5. Draw attention to the artistry when those corrections work well. Directors – this is sometimes a long haul, because not all your singers will have enough experience with really listening to notice the difference – or even enough body awareness to feel the difference. The broader strokes will be noticed immediately by everyone, but the subtler, finer ones take more long term awakening and a more acute and developing sense of present moment awareness.
6. Draw singers’ attention to the fact that fun can only be had in the present moment – and that life can only be rich and exciting in the present moment. So it’s worth the effort of applying the artistry that will make the moment more fun and more exciting.
Once we all awaken to the fact that we live only ‘right now’ we become highly motivated to make that moment stunningly beautiful, alive and intelligent on every level.
Nerves can wreak havoc on the enjoyment of singing in performance.
And one of the things we would typically do to make ourselves feel less nervous would be to breathe deeply.
But when we keep taking in huge breaths, then not using or getting rid of all that air, we feel even more wretched – and we feel more likely to faint, because this overbreathing has upset the balance of gases in our bloodstream. So the bad news is, we really are more likely to faint.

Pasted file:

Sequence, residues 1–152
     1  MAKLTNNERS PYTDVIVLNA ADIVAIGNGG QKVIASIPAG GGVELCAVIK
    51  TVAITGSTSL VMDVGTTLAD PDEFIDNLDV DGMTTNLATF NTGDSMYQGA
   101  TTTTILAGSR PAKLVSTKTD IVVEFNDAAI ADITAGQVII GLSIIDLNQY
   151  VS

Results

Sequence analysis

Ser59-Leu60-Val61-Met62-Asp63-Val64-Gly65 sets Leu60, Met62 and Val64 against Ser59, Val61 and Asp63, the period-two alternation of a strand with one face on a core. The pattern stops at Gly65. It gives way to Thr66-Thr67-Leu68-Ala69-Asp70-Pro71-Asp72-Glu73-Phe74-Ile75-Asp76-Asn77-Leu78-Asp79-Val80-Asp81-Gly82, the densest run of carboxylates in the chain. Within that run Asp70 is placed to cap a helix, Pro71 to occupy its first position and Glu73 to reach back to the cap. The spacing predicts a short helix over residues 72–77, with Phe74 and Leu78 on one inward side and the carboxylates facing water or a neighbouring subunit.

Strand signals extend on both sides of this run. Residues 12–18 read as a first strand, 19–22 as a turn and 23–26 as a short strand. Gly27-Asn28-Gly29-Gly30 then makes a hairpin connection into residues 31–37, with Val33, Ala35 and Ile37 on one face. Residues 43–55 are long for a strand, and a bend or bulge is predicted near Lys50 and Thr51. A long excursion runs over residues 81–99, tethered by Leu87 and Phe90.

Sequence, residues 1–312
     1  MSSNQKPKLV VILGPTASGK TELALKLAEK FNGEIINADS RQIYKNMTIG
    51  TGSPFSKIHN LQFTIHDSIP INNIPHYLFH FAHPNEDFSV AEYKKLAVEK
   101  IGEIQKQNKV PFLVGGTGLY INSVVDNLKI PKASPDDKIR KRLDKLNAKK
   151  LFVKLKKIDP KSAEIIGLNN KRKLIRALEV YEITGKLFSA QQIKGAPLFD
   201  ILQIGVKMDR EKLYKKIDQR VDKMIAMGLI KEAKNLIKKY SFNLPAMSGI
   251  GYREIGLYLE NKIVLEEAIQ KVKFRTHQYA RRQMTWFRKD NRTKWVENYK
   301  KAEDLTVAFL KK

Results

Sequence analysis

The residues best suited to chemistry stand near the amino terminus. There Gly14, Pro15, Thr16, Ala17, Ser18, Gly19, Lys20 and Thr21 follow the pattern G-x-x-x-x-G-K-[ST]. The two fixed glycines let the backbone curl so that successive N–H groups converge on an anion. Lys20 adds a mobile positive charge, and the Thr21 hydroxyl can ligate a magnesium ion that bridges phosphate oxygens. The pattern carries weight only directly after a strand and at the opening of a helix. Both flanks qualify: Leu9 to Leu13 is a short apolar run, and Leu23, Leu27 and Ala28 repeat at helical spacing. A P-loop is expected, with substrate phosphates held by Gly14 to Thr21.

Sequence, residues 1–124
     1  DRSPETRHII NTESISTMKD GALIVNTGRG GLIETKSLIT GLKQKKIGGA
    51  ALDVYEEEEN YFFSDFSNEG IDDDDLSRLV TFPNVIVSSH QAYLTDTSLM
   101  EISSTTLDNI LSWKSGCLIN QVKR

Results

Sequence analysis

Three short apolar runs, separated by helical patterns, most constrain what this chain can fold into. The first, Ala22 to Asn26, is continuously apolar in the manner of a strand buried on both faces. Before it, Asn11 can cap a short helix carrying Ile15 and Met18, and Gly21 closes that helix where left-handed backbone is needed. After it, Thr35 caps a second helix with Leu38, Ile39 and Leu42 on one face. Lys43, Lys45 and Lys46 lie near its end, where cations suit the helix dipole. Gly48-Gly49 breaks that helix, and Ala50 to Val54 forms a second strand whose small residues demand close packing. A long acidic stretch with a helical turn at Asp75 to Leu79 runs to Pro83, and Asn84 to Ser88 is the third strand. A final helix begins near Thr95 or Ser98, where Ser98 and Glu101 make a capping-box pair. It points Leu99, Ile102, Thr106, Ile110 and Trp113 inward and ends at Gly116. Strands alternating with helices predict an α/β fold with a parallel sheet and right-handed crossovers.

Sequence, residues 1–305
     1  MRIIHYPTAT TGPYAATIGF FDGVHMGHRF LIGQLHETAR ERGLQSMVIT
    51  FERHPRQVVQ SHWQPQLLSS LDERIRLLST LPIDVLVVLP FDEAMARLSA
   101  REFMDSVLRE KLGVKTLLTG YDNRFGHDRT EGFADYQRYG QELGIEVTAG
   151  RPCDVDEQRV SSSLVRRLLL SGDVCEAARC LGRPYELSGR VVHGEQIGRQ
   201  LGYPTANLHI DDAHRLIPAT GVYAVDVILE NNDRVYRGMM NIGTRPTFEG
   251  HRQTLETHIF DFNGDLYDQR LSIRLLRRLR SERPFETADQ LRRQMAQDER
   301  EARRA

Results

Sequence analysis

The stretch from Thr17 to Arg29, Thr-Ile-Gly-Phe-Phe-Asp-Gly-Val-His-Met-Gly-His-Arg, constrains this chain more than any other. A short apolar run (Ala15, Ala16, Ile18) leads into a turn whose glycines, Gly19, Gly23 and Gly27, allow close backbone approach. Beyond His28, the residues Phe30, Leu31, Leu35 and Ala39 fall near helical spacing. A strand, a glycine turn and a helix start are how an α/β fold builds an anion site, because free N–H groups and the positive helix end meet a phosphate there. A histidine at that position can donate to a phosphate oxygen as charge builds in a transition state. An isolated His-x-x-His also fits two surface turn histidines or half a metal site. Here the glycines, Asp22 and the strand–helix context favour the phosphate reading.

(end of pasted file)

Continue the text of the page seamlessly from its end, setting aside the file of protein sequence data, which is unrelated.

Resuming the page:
When you’re actually onstage it’s probably considered bad form to whip out a paper bag and begin to breathe into it – or even to do alternate nostril breathing.
However, I’ve found that if you can get in a few good sighs, and start moving more as you sing, it should help – as a temporary fix.
If you are a religious person then a moment of prayer during a few bars’ rest can settle you enough to make it bearable. But whatever thoughts normally help to ground you and calm you down are worth training your brain to latch on to when you’re in mental or emotional distress.
The underlying cause of all this will need to be addressed if you’re going to have fun while singing onstage.